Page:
Prince Moving to Create New Royalist Party

Convicted coup leader and former exile Prince Norodom Chak­rapong is reportedly starting a new anti-communist, anti-CPP political party—a move that has attracted heavy criticism from top Funcinpec members.

Although details about the creation of Prince Chakrapong’s tentatively named “Khmer Spirit Party” were unavailable Sunday, several top Funcinpec officials—including at least one member of the Funcinpec Steering Com­mittee—confirmed that Prince Chakrapong is indeed going to create a new royalist party.

Prince Chakrapong, who de­clined to comment about the formation of the party on Sunday, said he would speak about the matter later this week.

“I tried to persuade him not to start this party,” said Princess Norodom Vacheara, a member of the Funcinpec Steering Com­mittee and the Chairperson for the Committee of Foreign Affairs at the National Assembly. “I told him it would be bad.”

On Saturday, Princess Va­cheara said she and two unidentified Funcinpec members met with Prince Chakrapong at the Hotel Cambodiana to discuss the creation of the Khmer Spirit Party and urged him not to form the party because “I am worried it would hurt Funcinpec. But he absolutely wanted to start the party,” she said Sunday.

Although Princess Vacheara said Prince Chakrapong did not release his political platform and told her Saturday that he would “follow the Sihanouk line,” a National Assembly member close to the situation said Prince Chakrapong’s party would be an anti-communist, pro-democracy party “that would never form a coalition with the CPP.”

The promises of a non-CPP royalist party sparked concern among Funcinpec members who saw their party lose strength after the February commune elections.

Princess Vacheara said the new royalist party would damage Funcinpec because most people in the country would not understand why he would want to start his own party when he already has the support of Prince Norodom Ranariddh and Funcinpec. The new party would probably take votes away from Funcinpec during the 2003 national elections, she added.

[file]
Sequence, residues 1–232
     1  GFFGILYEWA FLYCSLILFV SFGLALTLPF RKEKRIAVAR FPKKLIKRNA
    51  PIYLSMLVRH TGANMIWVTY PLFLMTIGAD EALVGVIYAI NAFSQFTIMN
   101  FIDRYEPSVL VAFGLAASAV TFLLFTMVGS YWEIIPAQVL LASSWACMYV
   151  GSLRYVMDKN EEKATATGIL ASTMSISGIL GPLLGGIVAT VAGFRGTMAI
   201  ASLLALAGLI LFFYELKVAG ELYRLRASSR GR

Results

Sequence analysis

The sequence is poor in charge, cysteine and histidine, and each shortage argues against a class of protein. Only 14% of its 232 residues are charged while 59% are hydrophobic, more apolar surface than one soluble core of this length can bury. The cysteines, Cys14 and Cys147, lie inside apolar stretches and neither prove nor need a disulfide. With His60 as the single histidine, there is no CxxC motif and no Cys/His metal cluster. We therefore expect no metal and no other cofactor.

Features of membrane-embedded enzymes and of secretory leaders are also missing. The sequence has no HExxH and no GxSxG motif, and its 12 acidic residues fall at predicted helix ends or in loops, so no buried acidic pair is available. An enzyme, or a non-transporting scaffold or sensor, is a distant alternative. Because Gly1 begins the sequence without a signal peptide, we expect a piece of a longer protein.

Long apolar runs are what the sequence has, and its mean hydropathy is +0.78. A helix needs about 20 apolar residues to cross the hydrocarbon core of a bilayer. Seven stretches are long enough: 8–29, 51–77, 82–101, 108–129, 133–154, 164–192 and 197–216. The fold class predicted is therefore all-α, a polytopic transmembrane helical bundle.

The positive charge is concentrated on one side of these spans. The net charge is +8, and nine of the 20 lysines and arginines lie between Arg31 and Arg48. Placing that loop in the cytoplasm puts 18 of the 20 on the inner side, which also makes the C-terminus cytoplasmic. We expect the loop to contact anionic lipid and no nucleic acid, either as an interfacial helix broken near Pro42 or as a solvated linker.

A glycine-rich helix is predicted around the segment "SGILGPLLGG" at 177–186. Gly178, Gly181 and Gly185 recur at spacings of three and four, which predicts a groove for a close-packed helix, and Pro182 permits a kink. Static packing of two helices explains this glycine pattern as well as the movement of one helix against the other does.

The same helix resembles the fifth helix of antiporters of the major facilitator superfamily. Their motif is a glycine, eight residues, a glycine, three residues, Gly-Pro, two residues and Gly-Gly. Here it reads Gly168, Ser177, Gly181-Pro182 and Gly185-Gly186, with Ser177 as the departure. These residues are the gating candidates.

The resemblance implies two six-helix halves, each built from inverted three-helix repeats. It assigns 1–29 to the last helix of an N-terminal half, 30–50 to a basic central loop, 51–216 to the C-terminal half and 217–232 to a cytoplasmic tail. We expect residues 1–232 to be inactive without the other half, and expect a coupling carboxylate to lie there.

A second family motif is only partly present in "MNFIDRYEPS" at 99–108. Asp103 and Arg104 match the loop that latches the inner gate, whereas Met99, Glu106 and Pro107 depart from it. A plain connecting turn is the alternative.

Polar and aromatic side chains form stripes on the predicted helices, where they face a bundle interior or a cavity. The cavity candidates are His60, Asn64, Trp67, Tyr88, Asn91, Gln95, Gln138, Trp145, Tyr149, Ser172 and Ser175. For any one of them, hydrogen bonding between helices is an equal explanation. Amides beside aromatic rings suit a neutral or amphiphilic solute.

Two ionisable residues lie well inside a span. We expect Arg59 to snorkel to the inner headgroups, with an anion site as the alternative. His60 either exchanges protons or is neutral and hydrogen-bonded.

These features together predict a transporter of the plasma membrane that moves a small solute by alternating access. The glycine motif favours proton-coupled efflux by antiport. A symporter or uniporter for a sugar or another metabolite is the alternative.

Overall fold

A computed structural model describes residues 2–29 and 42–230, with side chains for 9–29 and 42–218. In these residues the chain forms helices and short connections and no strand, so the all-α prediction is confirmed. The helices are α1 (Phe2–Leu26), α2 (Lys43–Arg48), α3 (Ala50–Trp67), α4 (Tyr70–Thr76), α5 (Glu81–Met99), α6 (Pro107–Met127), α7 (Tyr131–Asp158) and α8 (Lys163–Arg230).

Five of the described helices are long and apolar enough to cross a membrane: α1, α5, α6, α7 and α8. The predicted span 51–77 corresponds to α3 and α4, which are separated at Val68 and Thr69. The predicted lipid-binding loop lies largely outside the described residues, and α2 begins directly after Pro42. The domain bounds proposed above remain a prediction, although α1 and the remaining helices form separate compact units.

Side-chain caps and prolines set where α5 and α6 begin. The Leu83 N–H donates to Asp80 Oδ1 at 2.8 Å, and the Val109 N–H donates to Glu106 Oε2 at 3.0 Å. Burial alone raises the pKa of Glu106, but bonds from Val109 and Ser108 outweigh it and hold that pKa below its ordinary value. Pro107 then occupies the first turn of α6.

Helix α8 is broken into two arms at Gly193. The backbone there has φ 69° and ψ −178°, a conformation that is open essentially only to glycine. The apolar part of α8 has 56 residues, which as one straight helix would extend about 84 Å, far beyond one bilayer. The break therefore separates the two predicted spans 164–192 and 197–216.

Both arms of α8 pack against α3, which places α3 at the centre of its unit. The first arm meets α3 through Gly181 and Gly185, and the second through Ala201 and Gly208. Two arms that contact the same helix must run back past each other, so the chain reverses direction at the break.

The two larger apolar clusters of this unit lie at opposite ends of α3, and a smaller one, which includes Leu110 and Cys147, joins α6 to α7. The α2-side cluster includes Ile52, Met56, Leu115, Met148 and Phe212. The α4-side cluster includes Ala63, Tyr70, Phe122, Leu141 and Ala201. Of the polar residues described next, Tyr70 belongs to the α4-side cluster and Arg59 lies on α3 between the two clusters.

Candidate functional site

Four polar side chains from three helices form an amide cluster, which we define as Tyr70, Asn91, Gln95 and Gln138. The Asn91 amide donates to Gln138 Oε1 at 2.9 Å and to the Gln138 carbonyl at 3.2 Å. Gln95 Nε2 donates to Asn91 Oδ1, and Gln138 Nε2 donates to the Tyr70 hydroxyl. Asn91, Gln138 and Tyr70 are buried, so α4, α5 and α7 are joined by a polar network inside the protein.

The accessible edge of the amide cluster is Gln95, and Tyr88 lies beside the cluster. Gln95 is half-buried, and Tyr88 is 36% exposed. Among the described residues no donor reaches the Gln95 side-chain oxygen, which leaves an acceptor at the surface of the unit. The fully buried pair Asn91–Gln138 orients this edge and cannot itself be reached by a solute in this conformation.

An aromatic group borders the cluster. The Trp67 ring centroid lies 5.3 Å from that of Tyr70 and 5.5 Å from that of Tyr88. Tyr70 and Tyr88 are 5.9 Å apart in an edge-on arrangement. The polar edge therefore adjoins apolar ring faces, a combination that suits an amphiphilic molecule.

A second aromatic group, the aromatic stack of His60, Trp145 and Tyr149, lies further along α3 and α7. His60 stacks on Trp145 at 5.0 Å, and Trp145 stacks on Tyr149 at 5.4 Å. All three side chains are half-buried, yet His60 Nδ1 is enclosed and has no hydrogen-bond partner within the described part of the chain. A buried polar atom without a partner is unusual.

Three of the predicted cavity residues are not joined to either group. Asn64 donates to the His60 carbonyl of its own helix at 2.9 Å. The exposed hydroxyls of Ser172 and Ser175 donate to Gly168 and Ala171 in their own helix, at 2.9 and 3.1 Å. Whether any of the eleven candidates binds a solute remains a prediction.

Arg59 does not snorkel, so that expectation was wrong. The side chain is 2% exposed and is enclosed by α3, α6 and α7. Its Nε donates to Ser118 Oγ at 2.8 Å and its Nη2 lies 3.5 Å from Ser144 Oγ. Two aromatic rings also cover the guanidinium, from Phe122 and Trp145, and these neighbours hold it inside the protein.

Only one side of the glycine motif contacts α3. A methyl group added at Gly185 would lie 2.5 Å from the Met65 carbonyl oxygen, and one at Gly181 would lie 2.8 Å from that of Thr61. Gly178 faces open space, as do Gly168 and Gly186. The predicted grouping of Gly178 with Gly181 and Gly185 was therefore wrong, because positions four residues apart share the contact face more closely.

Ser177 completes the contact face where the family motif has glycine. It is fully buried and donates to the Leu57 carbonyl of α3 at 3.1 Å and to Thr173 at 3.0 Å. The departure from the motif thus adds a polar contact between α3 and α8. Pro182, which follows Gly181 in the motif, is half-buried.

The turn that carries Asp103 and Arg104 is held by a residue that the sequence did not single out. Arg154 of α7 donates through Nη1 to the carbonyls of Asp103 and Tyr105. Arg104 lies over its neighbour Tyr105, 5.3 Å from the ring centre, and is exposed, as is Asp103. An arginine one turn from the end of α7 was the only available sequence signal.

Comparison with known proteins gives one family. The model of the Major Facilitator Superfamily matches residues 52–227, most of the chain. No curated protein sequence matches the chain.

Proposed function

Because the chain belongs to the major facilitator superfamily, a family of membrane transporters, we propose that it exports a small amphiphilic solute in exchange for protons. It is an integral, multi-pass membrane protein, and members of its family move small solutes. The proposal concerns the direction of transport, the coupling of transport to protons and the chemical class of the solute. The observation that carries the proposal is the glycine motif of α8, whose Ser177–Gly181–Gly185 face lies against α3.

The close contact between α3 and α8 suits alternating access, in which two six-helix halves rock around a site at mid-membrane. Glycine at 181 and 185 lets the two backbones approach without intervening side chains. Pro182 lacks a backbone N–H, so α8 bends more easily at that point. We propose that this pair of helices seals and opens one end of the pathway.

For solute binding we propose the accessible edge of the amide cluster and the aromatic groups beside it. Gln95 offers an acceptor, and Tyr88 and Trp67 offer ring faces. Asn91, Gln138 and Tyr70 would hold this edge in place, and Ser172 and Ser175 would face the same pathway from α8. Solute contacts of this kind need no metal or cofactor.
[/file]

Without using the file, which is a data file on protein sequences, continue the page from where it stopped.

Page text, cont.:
“People would not understand why the two brothers could not work together. This would not be good for the monarchy,” she said.

Several Funcinpec members agreed with the princess, including at least two high-ranking Funcinpec ministers who declined to be identified.

“This will confuse many people,” said one Funcinpec minister Sunday. “For those of us in the leadership, it is okay. But for the people and other Funcinpec members, it will be confusing.”

Another Funcinpec minister, however, had a stronger opinion about Prince Chakrapong.

“Morally speaking, he is not a man of principles…. And politically speaking, he is not considered a serious politician,” the official said Sunday.

The son of King Norodom Sihanouk and half-brother of Prince Norodom Ranariddh, Prince Chakrapong served as a top general in the royalist army that fought against the Vietnamese-backed government during the 1980s. He defected to the CPP in 1992 and was thought by some to have had a poor relationship with Prince Ranariddh after Ranariddh’s Funcinpec won the 1993 UN-sponsored elections.

In 1993, he allegedly led a brief secession movement in several eastern provinces with Sin Song, a former CPP Minister of Interior.

In July 1994, Prince Chakrapong and Sin Song allegedly plotted a coup against the government but failed when the 300-plus armed force allegedly enlisted by the prince were turned back by government soldiers. At the time, the prince said he was innocent.

Prince Chakrapong left Cambodia immediately after the attack after King Sihanouk issued a request allowing him to leave. The prince was convicted in absentia of plotting a coup and sentenced in 1994 to 20 years in prison.

He was reported to have lived in Malaysia, Thailand and France. The King granted Prince Chakrapong amnesty in 1998 and the embattled prince returned to Cambodia in March 1999.

The prince founded Royal Phnom Penh Airways in 1999, reportedly with his own money.

Since the Khmer Spirit Party could be founded on a “pro-democracy” stance similar to the Sam Rainsy Party, at least one member of the opposition party expressed alarm over the formation of the new party.

“One always has to be concerned with the newcomer,” said Tioulong Saumura, National Assembly member and wife of Sam Rainsy Party leader Sam Rainsy. “He may take votes away from us in the next elections, but not a lot.”

She added, however, that she would like to see more political parties with a pro-democracy stance and would not exclude a cooperation with the new party.

“If there is a political party that should be threatened, its Funcinpec,” she said. “There will be two parties courting the royalists, and although he may say he is anti-CPP and anti-communist—the same as the Sam Rainsy Party—he is still a royalist.”

(Additional Reporting by Thet Sambath and Brian Calvert)

 

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